What is it about?
Plant vascular systems (wood) performs multiple functions that affect the fitness of plants, and trade-offs are present among these functions. Wood that is able to perform one function exceptionally may necessarily perform poorly in another function. For example, wood that is mechanically strong, like oak wood, is likely to be limited in its water storage capacity. The way these different functions affect one another determines many fundamental attributes of plants, such as how tall they grow, how long they live and their ability to survive drought.
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Why is it important?
Plant vascular systems play a central role in global water and carbon cycles and drought resistance. These vascular systems perform multiple functions that affect the fitness of plants, and trade-offs are present among these functions. Some trade-offs are well established, but studies have not examined the full suite of functions of these complex systems. Here, we used a powerful multivariate method, structural equation modeling, to test hypotheses about the trade-offs that govern this vital and globally important tissue. We show that xylem traits are broadly governed by trade-offs related to transport, mechanical support, and storage, which are rooted in cellular structure, and that the level of dehydration experienced by plants in the field exerts a strong influence over these relationships.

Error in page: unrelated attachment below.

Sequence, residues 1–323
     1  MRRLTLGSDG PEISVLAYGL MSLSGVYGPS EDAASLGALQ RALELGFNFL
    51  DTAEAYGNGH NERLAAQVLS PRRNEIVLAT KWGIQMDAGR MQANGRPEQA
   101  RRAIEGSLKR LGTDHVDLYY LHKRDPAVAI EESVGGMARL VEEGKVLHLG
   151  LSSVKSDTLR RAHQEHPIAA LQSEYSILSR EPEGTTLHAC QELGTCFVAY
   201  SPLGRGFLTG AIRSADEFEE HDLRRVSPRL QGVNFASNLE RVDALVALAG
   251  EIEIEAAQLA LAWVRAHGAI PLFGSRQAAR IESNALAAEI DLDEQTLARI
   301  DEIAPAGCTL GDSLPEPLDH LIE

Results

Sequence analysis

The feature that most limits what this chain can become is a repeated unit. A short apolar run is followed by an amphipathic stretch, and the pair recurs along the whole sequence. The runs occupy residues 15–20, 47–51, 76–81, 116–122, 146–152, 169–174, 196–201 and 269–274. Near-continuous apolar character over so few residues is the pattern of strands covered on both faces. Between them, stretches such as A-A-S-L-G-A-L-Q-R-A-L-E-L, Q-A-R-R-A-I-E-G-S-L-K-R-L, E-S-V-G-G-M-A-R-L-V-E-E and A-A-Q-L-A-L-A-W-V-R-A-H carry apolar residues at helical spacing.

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This page is a summary of: Trade-offs among transport, support, and storage in xylem from shrubs in a semiarid chaparral environment tested with structural equation modeling, Proceedings of the National Academy of Sciences, August 2021, Proceedings of the National Academy of Sciences, DOI: 10.1073/pnas.2104336118.
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